HVAC Do's and Dont's Before Summer Hits
It’s that time of year when many families are making plans for summer festivities. But it’s also an important time to see to it that all of your home systems are ready to handle the extra workload that comes with soaring weather.
Certainly, a home’s heating, ventilation and air conditioning (HVAC) system is one item that does some hard work during the summer season. Here, a Service Experts professional shares seven strategies to take into account when preparing your HVAC system for summer.
Do Get an HVAC Tune-Up
A twice-a-year HVAC tune-up can act as protection against future failures. Even though anything can happen when a system is working hard, getting your air conditioning, furnace and other HVAC components tuned up before crews get busy during the scorching summer season can definitely help you avoid costly repairs later. Plus, it also includes a status check for how your system is currently operating. Annual maintenance also may help keep your valuable manufacturer’s warranty active, which aids you in case a key component fails during the warranty period.
“Tightening electrical components, cleaning condensate lines, cleaning the outdoor and indoor coils, and lubricating necessary components, it’s all part of the annual checkup we do,” said the field operations manager at Service Experts, Mike Carson. “And, we’ll change your air filters and answer any questions you may have too. It’s the best small investment any homeowner can make this time of year.”
Don’t Postpone Repairs
When a specialist advises repairs during a tune-up or if they happen unexpectedly, some homeowners think they can prolong the use of the part or component for “just one more summer.” This thinking, however, only leads to more costly repairs down the road.
“Clogged lines, dirty filters, low refrigerant (Freon), loose or broken parts, you name it, it all contributes to how efficiently your system runs. It’s always best to address problems when they arise to keep it operating to its full potential,” Carson emphasized.
Do Upgrade Your Thermostat
If you haven’t done it already, upgrading to a smart thermostat can43 reduce wear and tear on your air conditioner and furnace. Think about this: Energy savings estimates can run from as low as 12% a year to higher than 20%. Your best option is to go with an Energy Star®-certified thermostat, Carson advised, and ask an HVAC pro about how to set cooling times that line up with your daily habits. In some locations, you also may have the ability to take advantage of cheaper electricity rates during off-peak hours.
Don’t Use an Extremely Restrictive Air Filter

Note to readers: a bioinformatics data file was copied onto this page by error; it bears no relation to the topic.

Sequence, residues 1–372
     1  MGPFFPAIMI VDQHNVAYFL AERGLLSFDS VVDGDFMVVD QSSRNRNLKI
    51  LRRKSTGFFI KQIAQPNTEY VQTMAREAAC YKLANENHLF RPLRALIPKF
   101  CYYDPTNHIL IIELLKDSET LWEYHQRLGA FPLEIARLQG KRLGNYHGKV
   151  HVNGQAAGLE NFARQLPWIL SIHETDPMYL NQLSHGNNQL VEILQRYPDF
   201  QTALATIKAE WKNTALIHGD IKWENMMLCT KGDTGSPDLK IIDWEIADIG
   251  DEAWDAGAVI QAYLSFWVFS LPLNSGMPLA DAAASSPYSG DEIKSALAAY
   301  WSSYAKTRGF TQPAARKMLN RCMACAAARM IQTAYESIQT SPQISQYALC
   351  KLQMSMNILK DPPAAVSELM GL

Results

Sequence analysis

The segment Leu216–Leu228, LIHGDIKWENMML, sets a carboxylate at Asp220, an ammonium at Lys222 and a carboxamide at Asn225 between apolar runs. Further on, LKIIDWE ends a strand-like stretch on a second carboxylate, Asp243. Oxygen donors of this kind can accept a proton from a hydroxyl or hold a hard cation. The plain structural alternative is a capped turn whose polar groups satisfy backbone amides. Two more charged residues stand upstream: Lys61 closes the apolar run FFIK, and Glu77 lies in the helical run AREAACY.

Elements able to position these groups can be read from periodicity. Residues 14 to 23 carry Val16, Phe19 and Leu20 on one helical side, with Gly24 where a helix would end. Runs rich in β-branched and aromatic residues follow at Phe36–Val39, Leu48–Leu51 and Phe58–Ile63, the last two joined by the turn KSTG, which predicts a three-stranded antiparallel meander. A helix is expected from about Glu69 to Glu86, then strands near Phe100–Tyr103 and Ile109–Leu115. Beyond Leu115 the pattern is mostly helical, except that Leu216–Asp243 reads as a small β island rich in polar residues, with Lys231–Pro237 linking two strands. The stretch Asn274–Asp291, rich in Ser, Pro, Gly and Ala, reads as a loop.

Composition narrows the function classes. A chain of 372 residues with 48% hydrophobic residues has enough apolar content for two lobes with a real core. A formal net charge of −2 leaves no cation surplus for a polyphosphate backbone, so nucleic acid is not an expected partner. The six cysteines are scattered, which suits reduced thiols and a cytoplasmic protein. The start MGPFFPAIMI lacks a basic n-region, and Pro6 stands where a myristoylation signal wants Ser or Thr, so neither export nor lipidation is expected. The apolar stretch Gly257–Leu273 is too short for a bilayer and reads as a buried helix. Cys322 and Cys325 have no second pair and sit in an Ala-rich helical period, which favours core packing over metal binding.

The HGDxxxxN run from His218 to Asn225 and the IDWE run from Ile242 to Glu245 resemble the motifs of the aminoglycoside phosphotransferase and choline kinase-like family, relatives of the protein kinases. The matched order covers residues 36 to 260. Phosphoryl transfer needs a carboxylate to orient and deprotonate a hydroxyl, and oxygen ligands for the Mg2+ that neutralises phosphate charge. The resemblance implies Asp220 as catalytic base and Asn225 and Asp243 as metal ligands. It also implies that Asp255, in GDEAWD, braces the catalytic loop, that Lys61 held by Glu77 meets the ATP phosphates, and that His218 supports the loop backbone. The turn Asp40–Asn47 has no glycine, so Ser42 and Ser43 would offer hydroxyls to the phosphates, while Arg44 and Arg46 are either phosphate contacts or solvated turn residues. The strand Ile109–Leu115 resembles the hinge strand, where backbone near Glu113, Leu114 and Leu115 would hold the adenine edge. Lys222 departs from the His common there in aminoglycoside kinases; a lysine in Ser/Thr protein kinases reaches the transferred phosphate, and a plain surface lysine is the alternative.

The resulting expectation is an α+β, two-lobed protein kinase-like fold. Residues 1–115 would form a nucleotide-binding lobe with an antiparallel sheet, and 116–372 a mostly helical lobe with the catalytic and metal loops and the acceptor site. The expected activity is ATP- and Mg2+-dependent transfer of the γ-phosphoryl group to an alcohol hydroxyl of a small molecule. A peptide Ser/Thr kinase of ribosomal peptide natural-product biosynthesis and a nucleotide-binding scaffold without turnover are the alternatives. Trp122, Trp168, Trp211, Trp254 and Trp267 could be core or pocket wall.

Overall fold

Consistently changing your air filter is critical; however, there are a lot of different filters to choose from. A few of these can be very restrictive, promising to filter out all viruses and contaminants. While they may efficiently remove many contaminants, these highly restrictive filters might also significantly reduce airflow and possibly make your unit work harder. When you set up your tune-up, it’s a good idea to ask the technician for a recommendation, Carson added.
Do De-Clutter and Clear Out Obstructions
This is not only a hint about household clutter, but more about removing the airflow obstructions inside and outside of your home. First, indoors, if air vents are obstructed by furniture or household items, that can limit ventilation into that room or zone. That means your cooling system will have to run longer to get the air temperature to the number set on your thermostat.
The other location where obstructions can cause trouble is near your condenser coil outside the residence. Some residents see these as an eyesore and make an effort to cover them up with shrubs or even build structures or other landscaping. Think again!
“Obstructions to units and vents on the inside and outside of the home can be both an efficiency and safety concern,” Carson noted. “Covering up or blocking return air vents, where the system draws in the air inside the home is another common problem we see. These things can be like asking your system to work harder while wearing a very heavy face mask.”
Don’t Ignore Your Air Ducts
Clean air ducts are indispensable to the condition of your property—and the people who are living in it. Pollen and airborne toxins from sprays, cooking, candles, fireplaces and off-gassing items can all get inside your air ducts and cause issues for people who have asthma and allergies.
Here are a few indicators your home is due for an air duct cleaning:
- Mold is in the home or on the inside of the air conditioner.
- Dust wafts from vents when the blower comes on.
- A renovation that caused significant dust has recently been done.
Do Consider a High-Efficiency Equipment Upgrade
If your system is nearing the end of its life, replacing it with a new, high-efficiency system before summertime is here can be better than waiting for “just one more summer.” And while that has always been true, it’s more true these days than ever before.